Tag: weekend link love

Weekend Link Love – Edition 441

RESEARCH OF THE WEEK
Chronic cardio linked to low libido in men.

Compressed eating windows work in young men who lift heavy.

In women, red meat deficiency may lead to depression.

Drinking sugary beverages every day only makes you want them more.

Bronze Age women had a thing for steppe horsemen.

Read More

Weekend Link Love – Edition 440

RESEARCH OF THE WEEK
Turns out that humans display a ton of biological and psychological diversity.

Dogs know when you’re being selfish, and they don’t like it.

Baltic hunter-gatherers developed agriculture without outside influence.

Using alcohol to sleep isn’t such a good idea.

Salmonella may have killed the Aztec empire.

Read More

Weekend Link Love – Edition 439

RESEARCH OF THE WEEK
This bacteria links arthritis to Crohn’s disease.

Tobacco use may not be healthy, but some methods of consumption are far worse than others.

Male-type brains linked to higher autism risk in females.

Smokers should switch to vaping.

Not smoking, drinking little or no alcohol, avoiding weight gain, and exercising regularly all reduce cancer risk.

Parkinson’s patients should definitely exercise.

Read More

Weekend Link Love – Edition 438

RESEARCH OF THE WEEK
Folks need more vitamin E.

Getting the flu vaccine during pregnancy doesn’t seem to reduce autism risk in your offspring.

We sleep to forget.

Dogs lose weight on low-carb diets, too.

Over 700 genes determine height.

Read More

Weekend Link Love – Edition 437

RESEARCH OF THE WEEK
300 cups of coffee is excessive.

More dietary protein, less breast cancer recurrence.

Banking extra sleep before sleep deprivation improves physical performance.

As agriculture spread, dog amylase genes changed to enable more starch consumption. Or was the causation flipped, with farro-hungry Fidos forcing owners to adopt agriculture with sad dog eyes?

Grazing can speed up aging.

“But honey, it’s science!”

Read More

Weekend Link Love – Edition 436

RESEARCH OF THE WEEK
True psychopaths aren’t all that bright.

The evolution of short sleep duration in humans may have left us vulnerable to Alzheimer’s.

The link between the gut and hypertension.

Farmed salmon is losing omega-3s.
NEW PRIMAL BLUEPRINT PODCASTS

Episode 152: Dr. Cate Shanahan Part 2: Dr. Cate and host Brad Kearns continue the conversation from last week.

Each week, select Mark’s Daily Apple blog posts are prepared as Primal Blueprint Podcasts. Need to catch up on reading, but don’t have the time? Prefer to listen to articles while on the go? Check out the new blog post podcasts below, and subscribe to the Primal Blueprint Podcast here so you never miss an episode.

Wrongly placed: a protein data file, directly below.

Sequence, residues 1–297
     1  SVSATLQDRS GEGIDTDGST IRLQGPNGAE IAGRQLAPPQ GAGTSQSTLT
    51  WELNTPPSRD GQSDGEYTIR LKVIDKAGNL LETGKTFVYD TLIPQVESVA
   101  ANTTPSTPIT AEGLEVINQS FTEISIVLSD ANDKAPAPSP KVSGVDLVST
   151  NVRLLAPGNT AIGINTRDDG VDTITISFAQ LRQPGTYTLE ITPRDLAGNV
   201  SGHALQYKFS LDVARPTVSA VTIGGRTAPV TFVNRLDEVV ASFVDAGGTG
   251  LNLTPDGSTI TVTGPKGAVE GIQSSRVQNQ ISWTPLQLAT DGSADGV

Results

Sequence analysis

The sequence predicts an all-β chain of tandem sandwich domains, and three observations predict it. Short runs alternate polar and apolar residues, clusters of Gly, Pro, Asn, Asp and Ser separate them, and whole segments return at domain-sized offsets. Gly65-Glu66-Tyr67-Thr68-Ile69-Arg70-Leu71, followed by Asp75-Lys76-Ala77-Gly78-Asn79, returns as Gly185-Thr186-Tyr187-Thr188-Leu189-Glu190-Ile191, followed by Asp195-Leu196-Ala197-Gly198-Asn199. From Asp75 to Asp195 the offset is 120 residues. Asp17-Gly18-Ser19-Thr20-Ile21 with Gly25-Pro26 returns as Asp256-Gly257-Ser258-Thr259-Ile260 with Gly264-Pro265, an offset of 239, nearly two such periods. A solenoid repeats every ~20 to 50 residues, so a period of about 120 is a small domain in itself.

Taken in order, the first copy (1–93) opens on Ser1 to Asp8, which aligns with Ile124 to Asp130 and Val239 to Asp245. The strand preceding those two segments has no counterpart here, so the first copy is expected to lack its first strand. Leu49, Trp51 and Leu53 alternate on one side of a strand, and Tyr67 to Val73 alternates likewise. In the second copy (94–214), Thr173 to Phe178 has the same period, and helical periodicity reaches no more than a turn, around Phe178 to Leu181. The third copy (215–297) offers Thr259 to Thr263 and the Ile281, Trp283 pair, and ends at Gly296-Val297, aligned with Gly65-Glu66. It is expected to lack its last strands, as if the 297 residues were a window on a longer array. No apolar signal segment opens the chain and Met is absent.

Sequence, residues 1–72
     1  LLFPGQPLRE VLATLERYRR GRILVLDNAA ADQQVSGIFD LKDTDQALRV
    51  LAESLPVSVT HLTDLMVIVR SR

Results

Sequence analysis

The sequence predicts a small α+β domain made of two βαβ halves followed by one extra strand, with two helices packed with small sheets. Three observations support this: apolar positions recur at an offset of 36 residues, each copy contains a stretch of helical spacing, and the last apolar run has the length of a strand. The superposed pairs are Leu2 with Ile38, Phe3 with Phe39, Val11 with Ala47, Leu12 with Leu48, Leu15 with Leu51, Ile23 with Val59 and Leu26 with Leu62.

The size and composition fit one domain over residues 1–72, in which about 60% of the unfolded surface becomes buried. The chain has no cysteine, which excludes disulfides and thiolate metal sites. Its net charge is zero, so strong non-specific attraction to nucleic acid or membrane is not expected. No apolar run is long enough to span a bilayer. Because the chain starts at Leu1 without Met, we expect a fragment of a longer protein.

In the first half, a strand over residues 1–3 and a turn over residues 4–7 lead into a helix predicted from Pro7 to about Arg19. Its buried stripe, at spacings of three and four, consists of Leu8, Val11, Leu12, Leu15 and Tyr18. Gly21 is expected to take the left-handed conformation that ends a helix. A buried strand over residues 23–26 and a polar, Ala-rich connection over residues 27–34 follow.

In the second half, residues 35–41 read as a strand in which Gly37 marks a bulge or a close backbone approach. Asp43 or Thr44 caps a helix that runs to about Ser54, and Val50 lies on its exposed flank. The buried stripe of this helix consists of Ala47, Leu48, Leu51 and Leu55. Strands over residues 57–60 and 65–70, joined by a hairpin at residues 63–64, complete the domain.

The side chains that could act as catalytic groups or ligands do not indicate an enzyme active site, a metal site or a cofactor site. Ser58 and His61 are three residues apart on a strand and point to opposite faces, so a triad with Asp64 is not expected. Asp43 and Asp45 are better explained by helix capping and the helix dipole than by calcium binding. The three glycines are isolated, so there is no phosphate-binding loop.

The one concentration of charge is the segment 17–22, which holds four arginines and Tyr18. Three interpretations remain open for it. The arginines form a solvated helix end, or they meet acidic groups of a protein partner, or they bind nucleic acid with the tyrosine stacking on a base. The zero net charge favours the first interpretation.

Read More

Weekend Link Love – Edition 435

RESEARCH OF THE WEEK
There’s strong evidence that eating foods high in flavonoids can stave off death.

Vitamin B12 toothpaste improves B12 status in vegans. Another option is to put raw beef liver in your socks while you sleep.

Humans were in North America at least 24,000 years ago.

Eating Brazil nuts and drinking green tea improves biomarkers related to colorectal cancer.

Alcohol makes it harder for mice to forget scary memories (imagine what it does for PTSD patients).

Read More

Weekend Link Love – Edition 433

RESEARCH OF THE WEEK
Leg pressing improves balance more than squatting (though both are effective).

Creatine emerges as a novel treatment for Crohn’s disease.

Endurance training trains the brain.

Inuit cold tolerance may have come from the Denisovans.

Broccoli could head off depression.

Read More

Weekend Link Love – Edition 432

Research of the Week
The Great Lakes get dumped with 1000 metric tons of plastic each year.

Birds living in variable environments have bigger brains.

Sprint triathletes who switched over to a low-volume, high-intensity running program improved their triathlon performance by increasing muscle power.

Most depressed people never seek help.

Vitamin D helps people with cystic fibrosis.

Read More

Weekend Link Love – Edition 431

Research of the Week
Researchers reverse aging in mice and human cells. I’d take an immortal pet mouse. Why not?

Flickering light could help Alzheimer’s patients.

Spanish tapas, circa 1.2 million years ago.

Eccentric training (lowering the weight) increases flexibility by decreasing muscle stiffness and increasing tendon stiffness.

Resistance training in a low-oxygen environment enhances strength gains.

Read More

Latest Posts